The moment you’re arrested or charged, it’s crucial to exercise your right to remain silent. Anything you say can be used against you in court. Politely inform law enforcement officers that you wish to speak with an attorney before answering any questions. This helps prevent any unintentional self-incrimination.

Secure Legal Representation Immediately

Contacting a skilled defense attorney should be your next step. An experienced lawyer who specializes in criminal defense and understands Tennessee’s legal system will be your best ally. They can offer guidance, protect your rights, and begin crafting a defense strategy tailored to your case.

Follow All Pretrial Conditions and Court Orders

If you’re released on bail, it’s imperative to follow all conditions set by the court. This might include restrictions on travel, communication with the alleged victim, or engaging in certain activities. Violating these conditions can worsen your situation and negatively affect your case.

Document Everything and Gather Evidence

Start compiling any evidence that might support your defense, including photographs, messages, emails, or documents. Additionally, write down everything you remember about the incident, including dates, times, locations, and potential witnesses. This information can be invaluable to your attorney in building your defense.

Avoid Discussing Your Case

Be cautious about whom you discuss your case with. Conversations with friends or family about your charges are not protected and could potentially be used as evidence. The only person you should openly discuss your case with is your attorney, as this communication is protected by attorney-client privilege.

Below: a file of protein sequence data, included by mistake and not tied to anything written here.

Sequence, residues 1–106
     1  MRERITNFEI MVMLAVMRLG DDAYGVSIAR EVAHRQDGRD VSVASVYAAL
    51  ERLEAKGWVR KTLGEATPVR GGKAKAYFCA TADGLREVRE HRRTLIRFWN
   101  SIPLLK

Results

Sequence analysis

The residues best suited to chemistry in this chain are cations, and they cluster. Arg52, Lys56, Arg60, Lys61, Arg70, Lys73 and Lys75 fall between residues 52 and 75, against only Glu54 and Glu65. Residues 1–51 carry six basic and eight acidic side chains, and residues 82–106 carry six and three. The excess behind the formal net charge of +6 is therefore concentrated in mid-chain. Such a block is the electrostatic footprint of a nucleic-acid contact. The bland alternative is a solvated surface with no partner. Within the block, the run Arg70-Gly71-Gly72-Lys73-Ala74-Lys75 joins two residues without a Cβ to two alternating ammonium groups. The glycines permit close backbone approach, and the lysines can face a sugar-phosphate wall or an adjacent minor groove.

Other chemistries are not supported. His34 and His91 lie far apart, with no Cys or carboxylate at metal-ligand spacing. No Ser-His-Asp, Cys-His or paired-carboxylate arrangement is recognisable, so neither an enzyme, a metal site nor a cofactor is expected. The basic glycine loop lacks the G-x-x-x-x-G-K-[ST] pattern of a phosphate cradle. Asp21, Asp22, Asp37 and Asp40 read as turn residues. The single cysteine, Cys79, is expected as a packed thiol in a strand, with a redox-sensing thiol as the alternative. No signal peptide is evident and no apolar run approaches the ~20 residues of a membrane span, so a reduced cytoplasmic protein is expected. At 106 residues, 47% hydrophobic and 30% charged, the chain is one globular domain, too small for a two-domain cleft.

Prepare for Your Defense

Work closely with your attorney to prepare your defense. This may involve attending meetings, reviewing evidence, and possibly participating in a defense investigation. Your active involvement can provide your attorney with additional insights and information critical to your defense.

Stay Informed and Engaged

Stay informed about the legal process and remain engaged with your defense. Understanding the steps involved and what’s expected of you can help reduce anxiety and make the process more manageable. Your attorney can provide you with resources and information to help you understand the proceedings

By following these steps, you can take proactive measures to protect your rights and work toward a favorable outcome in your aggravated assault case in Tennessee.

Barnes & Fersten’s Criminal Defense Attorneys in Knoxville Can Help

If you or someone you know is facing aggravated assault charges, the time to act is now. Reach out to Barnes & Fersten’s criminal defense attorneys for a consultation. Our approach is personalized, ensuring that every strategy is tailored to the specifics of your case, maximizing your chances of a favorable outcome. Whether it’s negotiating for reduced charges, challenging evidence, or representing you at trial, our goal is to stand by your side, providing expert legal counsel and unwavering support.

Let us help you navigate this challenging time with confidence and competence. Contact us today to take the first step towards protecting your future.

Attorney At Law, Managing Partner

Brandon D. Fersten is an esteemed Knoxville attorney practicing DUIcriminal defense, and juvenile law. Known for his empathetic approach and commitment to his clients, he brings a record of favorable case outcomes including dismissals and not guilty verdicts at jury trials resulting in Brandon being recognized as one of the “Top 40 Under 40” in Criminal Defense, U.S. News’ Best Lawyers: “Ones to Watch,” and Super Lawyers’ “Rising Stars”. Brandon’s professional accolades, combined with his passion for justice, position him as a reliable criminal defense advocate in the East Tennessee legal landscape.